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Effective pedagogy in the social sciences

The purpose of the BES is to draw together bodies of research evidence to explain what works and why in order to improve educational outcomes for our students. In particular the Social Sciences BES seeks to answer two questions:

  • What teaching approaches enhance outcomes for diverse learners in the social sciences?
  • How and why does this happen?

This is the key to the how of what we teach. The Social Sciences BES has identified four causal mechanisms by which student outcomes will be maximised.

They are:

  • Connection – Make connections to students’ lives.
  • Alignment – Align experiences to important outcomes.
  • Community – Build and sustain a learning community.
  • Interest Design experiences that interest students.

The connection mechanism at work in geography

Use students’ experiences and knowledge as a point of comparison. Teachers connect learning to the lives of students by using content that is relevant to their culture and experience. This enables students to make comparisons which will help to improve their achievement. This will allow students to identify similarities and differences through comparisons.

For example: The geography teacher in an East Coast area school selects pounamu as an example of a natural resource. This example demonstrating the use of a natural resource for geography achievement standard 1.3 can be viewed on the DVD Te Mana Korero: Relationships for Learning (Ministry of Education, 2007).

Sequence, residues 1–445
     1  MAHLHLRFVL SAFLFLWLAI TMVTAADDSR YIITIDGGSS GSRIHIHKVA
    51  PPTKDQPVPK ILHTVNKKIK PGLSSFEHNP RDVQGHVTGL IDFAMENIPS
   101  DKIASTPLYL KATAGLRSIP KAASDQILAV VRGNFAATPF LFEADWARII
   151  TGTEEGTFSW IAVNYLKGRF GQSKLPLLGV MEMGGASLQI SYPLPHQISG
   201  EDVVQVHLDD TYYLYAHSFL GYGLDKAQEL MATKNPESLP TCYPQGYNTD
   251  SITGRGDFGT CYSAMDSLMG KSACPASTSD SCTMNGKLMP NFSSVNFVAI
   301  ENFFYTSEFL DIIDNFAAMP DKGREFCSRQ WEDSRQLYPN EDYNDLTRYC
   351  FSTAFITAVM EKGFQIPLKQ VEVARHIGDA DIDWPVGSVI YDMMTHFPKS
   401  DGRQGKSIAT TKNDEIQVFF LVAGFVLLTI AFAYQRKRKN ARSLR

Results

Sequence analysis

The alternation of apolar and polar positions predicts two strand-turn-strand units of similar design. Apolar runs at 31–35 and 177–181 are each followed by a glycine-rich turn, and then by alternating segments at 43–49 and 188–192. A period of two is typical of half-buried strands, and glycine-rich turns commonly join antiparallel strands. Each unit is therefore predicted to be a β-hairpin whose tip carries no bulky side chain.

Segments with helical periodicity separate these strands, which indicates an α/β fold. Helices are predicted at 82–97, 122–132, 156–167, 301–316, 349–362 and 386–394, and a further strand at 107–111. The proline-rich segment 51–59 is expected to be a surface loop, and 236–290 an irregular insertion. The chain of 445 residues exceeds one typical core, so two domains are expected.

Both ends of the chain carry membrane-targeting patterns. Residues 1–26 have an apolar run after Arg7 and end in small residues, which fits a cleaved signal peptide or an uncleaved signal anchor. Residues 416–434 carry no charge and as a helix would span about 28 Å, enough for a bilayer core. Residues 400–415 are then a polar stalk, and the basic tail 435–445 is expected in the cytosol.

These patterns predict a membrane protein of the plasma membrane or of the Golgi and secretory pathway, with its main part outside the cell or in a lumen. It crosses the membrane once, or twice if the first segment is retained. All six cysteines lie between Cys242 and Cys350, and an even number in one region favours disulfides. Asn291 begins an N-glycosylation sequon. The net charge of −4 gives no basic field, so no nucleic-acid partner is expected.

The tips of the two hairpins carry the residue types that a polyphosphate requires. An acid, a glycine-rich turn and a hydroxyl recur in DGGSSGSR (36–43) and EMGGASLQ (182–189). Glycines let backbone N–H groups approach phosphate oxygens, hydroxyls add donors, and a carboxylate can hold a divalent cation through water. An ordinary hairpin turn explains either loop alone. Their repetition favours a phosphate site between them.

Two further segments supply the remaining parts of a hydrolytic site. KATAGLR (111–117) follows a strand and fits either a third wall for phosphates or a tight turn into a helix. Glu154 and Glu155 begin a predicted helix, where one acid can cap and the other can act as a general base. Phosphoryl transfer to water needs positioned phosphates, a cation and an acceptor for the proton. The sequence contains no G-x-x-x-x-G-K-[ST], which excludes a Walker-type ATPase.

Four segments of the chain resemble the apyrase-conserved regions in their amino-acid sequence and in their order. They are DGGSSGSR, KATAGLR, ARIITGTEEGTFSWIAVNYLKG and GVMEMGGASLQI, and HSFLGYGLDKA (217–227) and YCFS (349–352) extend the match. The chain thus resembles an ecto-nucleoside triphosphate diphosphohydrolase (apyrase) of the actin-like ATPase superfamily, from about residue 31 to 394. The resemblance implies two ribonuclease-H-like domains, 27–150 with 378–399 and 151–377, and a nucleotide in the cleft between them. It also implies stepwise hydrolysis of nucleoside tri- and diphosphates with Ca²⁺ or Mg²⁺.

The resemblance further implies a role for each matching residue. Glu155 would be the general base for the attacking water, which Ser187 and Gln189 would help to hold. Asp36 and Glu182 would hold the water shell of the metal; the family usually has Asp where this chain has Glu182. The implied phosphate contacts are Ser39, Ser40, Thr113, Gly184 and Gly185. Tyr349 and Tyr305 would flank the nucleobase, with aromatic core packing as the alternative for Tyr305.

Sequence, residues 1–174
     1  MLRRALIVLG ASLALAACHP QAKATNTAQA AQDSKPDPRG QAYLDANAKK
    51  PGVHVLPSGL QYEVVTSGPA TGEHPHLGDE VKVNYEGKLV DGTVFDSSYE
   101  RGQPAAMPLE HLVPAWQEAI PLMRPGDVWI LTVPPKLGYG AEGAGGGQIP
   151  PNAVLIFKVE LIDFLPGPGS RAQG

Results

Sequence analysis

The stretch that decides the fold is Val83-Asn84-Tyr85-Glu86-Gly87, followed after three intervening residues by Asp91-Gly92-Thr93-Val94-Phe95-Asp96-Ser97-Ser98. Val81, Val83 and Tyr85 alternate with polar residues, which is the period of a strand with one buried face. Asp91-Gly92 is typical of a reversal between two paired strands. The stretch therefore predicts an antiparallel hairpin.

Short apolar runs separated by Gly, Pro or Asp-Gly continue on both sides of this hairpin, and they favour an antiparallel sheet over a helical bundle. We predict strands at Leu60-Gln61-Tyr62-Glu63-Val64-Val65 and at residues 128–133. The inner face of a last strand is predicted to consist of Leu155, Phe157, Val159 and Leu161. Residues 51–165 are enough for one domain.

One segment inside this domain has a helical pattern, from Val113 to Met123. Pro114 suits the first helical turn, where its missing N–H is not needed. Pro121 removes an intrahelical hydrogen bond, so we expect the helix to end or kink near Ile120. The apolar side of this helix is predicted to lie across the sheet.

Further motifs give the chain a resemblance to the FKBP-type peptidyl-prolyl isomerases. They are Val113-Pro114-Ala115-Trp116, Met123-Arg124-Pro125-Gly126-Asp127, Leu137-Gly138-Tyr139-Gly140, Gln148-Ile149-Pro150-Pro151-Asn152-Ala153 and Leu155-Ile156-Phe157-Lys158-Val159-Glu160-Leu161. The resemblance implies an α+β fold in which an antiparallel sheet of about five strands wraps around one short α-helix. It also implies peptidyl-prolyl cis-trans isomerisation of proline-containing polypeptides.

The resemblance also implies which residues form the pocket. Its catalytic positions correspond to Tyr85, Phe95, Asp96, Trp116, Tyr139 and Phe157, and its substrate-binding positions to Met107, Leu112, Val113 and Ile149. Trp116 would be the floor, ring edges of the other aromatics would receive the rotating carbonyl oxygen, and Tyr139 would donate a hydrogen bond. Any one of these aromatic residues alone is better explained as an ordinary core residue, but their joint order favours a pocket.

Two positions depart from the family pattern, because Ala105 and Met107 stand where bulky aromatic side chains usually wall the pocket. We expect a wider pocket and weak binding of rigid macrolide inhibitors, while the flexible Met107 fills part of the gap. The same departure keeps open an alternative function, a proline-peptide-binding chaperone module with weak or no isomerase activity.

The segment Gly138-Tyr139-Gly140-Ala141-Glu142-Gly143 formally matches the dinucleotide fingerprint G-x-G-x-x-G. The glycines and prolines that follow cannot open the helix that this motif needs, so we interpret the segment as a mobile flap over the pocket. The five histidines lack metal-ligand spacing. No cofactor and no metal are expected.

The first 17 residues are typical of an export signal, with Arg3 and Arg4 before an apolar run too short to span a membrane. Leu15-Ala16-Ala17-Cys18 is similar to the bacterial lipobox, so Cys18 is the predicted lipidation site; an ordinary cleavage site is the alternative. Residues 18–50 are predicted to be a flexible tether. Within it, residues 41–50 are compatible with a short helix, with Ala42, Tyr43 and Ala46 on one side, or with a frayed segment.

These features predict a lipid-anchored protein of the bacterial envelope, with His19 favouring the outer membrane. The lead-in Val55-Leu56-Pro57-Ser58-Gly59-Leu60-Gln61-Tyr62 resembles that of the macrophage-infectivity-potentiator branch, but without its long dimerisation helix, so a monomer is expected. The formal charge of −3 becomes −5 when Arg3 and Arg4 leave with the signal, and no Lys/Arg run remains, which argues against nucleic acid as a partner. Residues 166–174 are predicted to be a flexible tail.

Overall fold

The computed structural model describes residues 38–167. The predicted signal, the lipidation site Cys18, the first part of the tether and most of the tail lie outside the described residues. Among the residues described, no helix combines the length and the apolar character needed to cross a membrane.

The alignment mechanism at work in geography

Align learning experiences to the development of conceptual understanding.

For example: the teacher provides a number of opportunities for students to develop understanding of an environment (such as the South Island high country) first through interpreting maps and aerial photographs and then through fieldwork.

The community mechanism at work in geography

Teachers and students collaborate to establish a learning environment where students can share ideas and make decisions about their own learning.

For example: The teacher provides a framework in which students are able to make decisions about the context selected to study in order to develop their understanding. This gives the students the opportunity to take ownership of their learning. The geography research achievement standards provide the opportunity for students to choose the topic to research.

The interest mechanism at work in geography

Use student experiences and a variety of activities to promote interest and learning. The teacher designs programmes with activities that engage students. The teacher uses real life experiences that students can relate to which give them a better understanding of an issue.

For example: When teaching hurricanes to the class a teacher with a high number of Pasifika students drew on students’ personal and family experiences of living through a hurricane in Pacific island nations, such as Fiji, Western Samoa, Tonga.

Last updated September 12, 2017